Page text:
The German American Heritage Center's Virtual Presentation “Oktoberfest by the Numbers" -- October 11.

Sunday, October 11, 2 p.m.

Presented by the German American Heritage Center

A royal wedding, an annual tradition, and great quantities of beer will all be celebrated in a new, virtual program hosted by the German American Center, with the venue's Executive Director Kelly Lao, on October 11, speaking on Oktoberfest by the Numbers, a fun, fact-filled presentation about the history of Germany's most significant Volksfest.

German for “people's festival,” a Volksfest is a large-scale event that traditionally combines a beer and/or wine festival with the traveling carnival, and Oktoberfest is the world's largest. Held annually in Munich, Bavaria, it is a 16- to 18-day folk festival running from mid- or late-September to the first Sunday in October, with more than six million people from around the world attending the event every year. Locally, it is called d’Wiesn, after the colloquial name for the fairgrounds, Theresienwiese (“Therese’s green”). The Oktoberfest is an important part of Bavarian culture, having been held annually since 1810. Other cities across the world, among them the Quad Cities, also hold Oktoberfest celebrations that are modeled after the original Munich celebration. During the event, large quantities of Oktoberfest Beer are consumed; during the 16-day festival in 2013, it was reported that 7.7 million liters of beer were served. Visitors also enjoy numerous attractions such as amusement rides, sidestalls, and carnival games, and there is traditionally a wide variety of regional foods available.

The festival originated on October 12, 1810, in celebration of the marriage of the crown prince of Bavaria, who later became King Louis I, to Princess Therese von Sachsen-Hildburghausen. It concluded five days later with a horse race held in an open area that came to be called Theresienwiese. The following year, the race was combined with a state agricultural fair, and in 1818 booths serving food and drink were introduced. By the late-20th century, these Oktoberfest booths had developed into large beer halls made of plywood, with interior balconies and bandstands. Traditionally, each of the Munich brewers erects one of the temporary structures, with seating capacities of some 6,000, and the breweries are also represented in parades that feature beer wagons and floats along with people in folk costumes. The mayor of Munich consequently taps the first keg to open the festival, and although this year's Oktoberfest has been canceled due to the pandemic, the event generally draws more than six million people each year.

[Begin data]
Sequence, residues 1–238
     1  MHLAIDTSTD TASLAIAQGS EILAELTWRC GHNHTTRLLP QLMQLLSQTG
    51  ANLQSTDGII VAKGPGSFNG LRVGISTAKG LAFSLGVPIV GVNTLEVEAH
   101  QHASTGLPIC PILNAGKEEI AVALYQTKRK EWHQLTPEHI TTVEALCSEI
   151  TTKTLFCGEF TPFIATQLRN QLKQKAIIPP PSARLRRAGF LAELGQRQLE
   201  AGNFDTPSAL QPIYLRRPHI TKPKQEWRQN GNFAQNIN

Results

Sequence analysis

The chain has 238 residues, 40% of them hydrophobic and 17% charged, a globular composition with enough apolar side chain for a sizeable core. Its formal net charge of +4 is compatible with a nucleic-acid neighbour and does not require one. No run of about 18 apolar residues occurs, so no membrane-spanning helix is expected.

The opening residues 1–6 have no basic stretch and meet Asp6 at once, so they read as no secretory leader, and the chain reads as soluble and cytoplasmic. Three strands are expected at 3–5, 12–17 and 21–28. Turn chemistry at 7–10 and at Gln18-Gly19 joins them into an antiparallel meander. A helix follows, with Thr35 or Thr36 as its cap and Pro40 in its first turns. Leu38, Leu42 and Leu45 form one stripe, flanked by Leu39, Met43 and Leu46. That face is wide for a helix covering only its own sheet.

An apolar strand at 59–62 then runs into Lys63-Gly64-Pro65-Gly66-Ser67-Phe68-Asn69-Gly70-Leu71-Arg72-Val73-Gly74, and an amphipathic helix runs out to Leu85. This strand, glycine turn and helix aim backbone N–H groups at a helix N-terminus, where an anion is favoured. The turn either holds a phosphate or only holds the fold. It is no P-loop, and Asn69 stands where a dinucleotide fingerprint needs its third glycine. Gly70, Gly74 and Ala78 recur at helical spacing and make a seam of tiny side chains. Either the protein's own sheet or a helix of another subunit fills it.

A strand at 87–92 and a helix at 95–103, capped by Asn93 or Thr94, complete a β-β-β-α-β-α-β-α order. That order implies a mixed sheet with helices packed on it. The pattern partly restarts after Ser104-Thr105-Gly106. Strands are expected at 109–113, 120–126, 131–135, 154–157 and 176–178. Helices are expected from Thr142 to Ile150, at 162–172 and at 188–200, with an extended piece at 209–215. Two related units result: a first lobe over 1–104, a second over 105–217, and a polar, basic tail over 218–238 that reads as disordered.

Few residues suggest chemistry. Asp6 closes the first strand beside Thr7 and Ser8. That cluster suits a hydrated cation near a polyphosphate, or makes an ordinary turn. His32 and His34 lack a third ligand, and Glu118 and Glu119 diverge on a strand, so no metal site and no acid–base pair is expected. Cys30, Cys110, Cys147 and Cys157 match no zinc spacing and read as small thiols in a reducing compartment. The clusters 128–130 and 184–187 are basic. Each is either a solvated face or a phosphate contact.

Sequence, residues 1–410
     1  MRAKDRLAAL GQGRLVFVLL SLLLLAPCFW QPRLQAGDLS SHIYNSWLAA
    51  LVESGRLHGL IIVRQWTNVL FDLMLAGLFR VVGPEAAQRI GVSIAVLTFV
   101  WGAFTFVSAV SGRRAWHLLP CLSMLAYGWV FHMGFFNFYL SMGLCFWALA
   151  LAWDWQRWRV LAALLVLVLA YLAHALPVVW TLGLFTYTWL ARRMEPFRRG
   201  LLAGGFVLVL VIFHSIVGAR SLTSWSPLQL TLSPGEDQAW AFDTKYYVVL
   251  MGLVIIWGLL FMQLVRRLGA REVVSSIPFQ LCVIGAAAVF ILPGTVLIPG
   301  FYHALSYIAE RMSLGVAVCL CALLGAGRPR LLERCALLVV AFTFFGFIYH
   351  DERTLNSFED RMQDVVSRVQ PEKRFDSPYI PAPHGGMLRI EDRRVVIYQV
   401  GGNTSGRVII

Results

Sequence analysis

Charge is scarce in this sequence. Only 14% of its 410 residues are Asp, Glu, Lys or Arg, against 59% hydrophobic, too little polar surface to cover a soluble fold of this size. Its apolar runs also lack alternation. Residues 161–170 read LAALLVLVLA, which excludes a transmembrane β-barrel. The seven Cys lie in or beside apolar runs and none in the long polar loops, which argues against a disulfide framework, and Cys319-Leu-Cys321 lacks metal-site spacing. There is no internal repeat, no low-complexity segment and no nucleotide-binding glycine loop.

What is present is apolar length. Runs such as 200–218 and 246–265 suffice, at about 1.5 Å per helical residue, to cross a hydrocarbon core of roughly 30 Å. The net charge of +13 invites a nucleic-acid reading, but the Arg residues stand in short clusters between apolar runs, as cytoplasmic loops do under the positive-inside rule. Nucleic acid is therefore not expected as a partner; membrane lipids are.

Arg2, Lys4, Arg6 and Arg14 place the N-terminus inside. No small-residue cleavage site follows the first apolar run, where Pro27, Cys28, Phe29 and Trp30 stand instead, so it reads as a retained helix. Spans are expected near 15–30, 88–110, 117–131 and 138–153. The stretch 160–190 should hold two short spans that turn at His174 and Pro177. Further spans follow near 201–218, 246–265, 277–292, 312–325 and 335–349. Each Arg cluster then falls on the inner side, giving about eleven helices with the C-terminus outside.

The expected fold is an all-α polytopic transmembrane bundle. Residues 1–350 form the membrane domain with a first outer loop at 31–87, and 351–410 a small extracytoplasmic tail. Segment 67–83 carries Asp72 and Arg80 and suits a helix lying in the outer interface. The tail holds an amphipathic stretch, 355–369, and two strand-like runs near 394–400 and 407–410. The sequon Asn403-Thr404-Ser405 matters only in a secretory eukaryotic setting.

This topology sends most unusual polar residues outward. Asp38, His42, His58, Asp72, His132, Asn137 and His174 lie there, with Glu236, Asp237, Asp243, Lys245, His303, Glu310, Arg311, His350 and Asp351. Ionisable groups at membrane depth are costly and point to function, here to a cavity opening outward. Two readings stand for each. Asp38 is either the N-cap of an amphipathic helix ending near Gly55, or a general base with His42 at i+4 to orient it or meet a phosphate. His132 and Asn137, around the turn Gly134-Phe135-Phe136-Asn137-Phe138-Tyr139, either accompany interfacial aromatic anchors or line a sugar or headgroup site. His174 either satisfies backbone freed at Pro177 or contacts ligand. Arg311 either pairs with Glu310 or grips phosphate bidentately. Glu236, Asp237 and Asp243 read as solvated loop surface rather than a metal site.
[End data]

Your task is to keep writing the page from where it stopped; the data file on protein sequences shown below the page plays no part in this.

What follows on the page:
Okoberfest by the Numbers will be presented at 2 p.m. on October 11, with a Zoom link to the event sent on Saturday to those who reserve tickets. The presentation is free, although donations are greatly appreciated, and more information is available by calling (563)322-8844 or visiting GAHC.org.

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